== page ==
During the panel discussion, Delrahim said that the DOJ would work with all sides of the industry to help shape a compromise on the consent decree issue and keep Congress informed. But he also said a law creating a compulsory license isn't the answer. "We are out there internationally saying that foreign countries should not impose compulsory licenses on our innovators, so I don't think it will be a good policy," to do it here, he said. "We shouldn't create and environment that would foster a compulsory license."
Meanwhile, ASCAP CEO Mathews said the consent decrees are holding back rates for songwriters, who are struggling economically in the new streaming economy.
Things have changed dramatically in the 80 years since the ASCAP decree began, she said. For example, instead of dealing with independent radio stations, there has been considerable consolidation in that sector. Likewise, ASCAP is dealing with companies like Facebook, Amazon, Apple, Netflix and Google, which Mathews described as "savvy, smart, tech-driven companies that are all lawyered up and incredibly unregulated." She added, "A songwriter is more government regulated in 2019 today than Facebook, which is kind of crazy."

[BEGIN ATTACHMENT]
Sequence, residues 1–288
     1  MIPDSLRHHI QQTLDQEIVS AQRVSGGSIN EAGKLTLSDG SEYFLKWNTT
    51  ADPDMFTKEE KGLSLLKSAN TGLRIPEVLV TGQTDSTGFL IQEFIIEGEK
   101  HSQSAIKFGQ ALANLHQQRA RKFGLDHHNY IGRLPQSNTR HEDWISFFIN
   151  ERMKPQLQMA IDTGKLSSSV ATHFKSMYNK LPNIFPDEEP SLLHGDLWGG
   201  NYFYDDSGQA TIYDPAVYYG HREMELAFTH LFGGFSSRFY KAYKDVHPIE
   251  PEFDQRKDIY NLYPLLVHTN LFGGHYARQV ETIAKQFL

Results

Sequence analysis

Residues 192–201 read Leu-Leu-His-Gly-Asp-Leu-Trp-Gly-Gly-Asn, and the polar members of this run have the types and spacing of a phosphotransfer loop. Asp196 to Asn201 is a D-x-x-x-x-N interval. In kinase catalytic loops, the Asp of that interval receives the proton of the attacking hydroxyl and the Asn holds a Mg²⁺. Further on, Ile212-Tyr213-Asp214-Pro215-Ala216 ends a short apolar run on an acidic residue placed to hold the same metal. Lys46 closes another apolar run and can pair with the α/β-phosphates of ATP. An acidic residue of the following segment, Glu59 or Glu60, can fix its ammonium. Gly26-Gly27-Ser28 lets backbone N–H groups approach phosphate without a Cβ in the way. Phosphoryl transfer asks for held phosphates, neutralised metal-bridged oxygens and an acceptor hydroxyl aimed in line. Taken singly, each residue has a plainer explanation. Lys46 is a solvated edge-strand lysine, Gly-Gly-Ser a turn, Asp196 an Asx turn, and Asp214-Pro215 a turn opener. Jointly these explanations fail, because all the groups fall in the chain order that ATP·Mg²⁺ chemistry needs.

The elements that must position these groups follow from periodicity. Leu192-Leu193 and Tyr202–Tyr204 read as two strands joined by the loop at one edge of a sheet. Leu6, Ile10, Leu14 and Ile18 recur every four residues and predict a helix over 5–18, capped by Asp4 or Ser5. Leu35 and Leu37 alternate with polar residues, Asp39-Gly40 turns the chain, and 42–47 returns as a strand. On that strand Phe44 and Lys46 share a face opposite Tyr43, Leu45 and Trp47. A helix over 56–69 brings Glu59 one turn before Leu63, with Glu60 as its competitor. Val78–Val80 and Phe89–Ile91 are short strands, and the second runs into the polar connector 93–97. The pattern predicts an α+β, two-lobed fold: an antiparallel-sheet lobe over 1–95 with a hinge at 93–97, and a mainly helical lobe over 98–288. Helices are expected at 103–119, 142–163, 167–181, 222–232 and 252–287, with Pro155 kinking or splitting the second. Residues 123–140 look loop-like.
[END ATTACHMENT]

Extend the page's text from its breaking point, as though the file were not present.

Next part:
Finally, the biggest difference is consumer behavior. No one is buying music — it’s all streaming, and because of the on-demand model, more music is being consumed now than every before.
"[W]hen I came to ASCAP five years ago, we were identifying, matching and processing about 250 million performances a year. ... Today, we're matching and processing in the trillions," Mathews said. "So you double that number for BMI ... and then extrapolate that trend globally, and you start to get a sense of the needs for scale on your server power, the needs for scale in the cloud, and your need to innovate immediately in order to meet those market needs."
Moreover, ASCAP and BMI have new unregulated competitors, both domestic and foreign. "When you regulate only two incumbents and the rest of the world is not regulated, I think you unintentionally introduce market disruptions," Matthews said. "Not only are we not on a level playing field with the other actors, there are so many differences between [ASCAP and BMI's] two consent decrees, at a bare minimum we need to equalize those decrees."